Nick Hurston//January 16, 2023
Nick Hurston//January 16, 2023//
A woman who suffered a permanent impairment must retry her malpractice claims against the doctor who allegedly misdiagnosed her condition and botched the surgery, the Court of Appeals of Virginia has held, settling two matters of first impression.
Ramona Bowman received a $3 million jury verdict (subject to the statutory cap) after she sued Dr. Richard S. Pergolizzi Jr. for malpractice based on a lack of informed consent.
But the appeals court reversed, saying the trial court erred when it allowed Bowman to present an “impermissible informed consent” theory.
“[A] negligence theory based on a physician’s failure to obtain informed consent must be constrained by the diagnosis that physician actually made,” Judge Lisa M. Lorish wrote. “As a result, the trial court erred by allowing Bowman to proceed on an informed consent claim based (in part) on Dr. Pergolizzi’s failure to inform Bowman about alternative treatments that would have been appropriate had he reached a different diagnosis.”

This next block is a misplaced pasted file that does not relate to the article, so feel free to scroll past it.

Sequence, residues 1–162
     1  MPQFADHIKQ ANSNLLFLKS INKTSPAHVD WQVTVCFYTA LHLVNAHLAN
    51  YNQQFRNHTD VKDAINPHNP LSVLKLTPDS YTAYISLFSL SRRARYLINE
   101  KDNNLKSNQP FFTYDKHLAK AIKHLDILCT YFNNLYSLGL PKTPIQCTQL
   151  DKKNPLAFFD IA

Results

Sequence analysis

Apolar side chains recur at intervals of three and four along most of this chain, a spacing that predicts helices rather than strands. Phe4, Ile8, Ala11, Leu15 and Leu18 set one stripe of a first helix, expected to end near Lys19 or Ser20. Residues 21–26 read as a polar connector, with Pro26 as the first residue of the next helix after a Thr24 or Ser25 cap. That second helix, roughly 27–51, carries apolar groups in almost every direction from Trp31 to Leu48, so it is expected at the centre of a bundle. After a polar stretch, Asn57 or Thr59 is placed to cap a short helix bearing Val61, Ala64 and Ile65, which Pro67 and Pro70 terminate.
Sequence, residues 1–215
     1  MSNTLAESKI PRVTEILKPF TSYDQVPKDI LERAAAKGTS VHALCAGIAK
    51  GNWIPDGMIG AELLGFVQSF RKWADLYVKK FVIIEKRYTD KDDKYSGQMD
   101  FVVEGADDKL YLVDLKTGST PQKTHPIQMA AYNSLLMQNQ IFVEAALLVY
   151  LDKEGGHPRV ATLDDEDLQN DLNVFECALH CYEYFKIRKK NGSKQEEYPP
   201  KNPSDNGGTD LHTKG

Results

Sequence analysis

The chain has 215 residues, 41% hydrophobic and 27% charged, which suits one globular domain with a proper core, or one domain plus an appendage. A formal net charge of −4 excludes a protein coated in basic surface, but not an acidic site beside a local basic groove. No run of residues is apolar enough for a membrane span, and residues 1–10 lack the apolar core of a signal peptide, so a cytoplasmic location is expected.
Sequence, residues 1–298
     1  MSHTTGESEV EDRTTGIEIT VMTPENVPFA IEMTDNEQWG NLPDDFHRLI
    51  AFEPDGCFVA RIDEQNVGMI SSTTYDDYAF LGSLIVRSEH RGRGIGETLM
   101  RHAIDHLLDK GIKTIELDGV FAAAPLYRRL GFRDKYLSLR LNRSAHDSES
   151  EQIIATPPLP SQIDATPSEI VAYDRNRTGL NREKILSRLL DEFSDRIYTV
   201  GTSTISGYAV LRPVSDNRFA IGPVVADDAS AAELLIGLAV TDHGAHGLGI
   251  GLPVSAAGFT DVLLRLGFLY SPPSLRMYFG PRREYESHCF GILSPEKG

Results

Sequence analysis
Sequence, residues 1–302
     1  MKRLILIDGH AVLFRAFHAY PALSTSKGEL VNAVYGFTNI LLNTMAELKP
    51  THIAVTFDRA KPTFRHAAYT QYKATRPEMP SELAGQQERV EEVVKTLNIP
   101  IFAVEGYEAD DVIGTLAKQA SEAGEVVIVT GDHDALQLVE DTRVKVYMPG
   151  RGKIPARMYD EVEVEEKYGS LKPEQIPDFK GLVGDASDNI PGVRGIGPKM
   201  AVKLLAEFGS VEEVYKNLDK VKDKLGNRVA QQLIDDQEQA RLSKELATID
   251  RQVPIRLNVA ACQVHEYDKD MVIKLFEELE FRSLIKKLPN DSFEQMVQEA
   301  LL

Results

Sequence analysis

The appeals court also ruled that “a factfinder must determine whether the plaintiff herself — not an objective ‘reasonable person’ — would have elected alternative treatment after receiving adequate information from the physician.”
Lorish’s ruling in Pergolizzi v. Bowman (VLW 022-7-583) was joined by Judges Glen A. Huff and Stuart A. Rafael.
After experiencing a sudden, severe headache in October 2017, Ramona Bowman was hospitalized. A CT scan revealed a subarachnoid hemorrhage, or SAH, in her brain.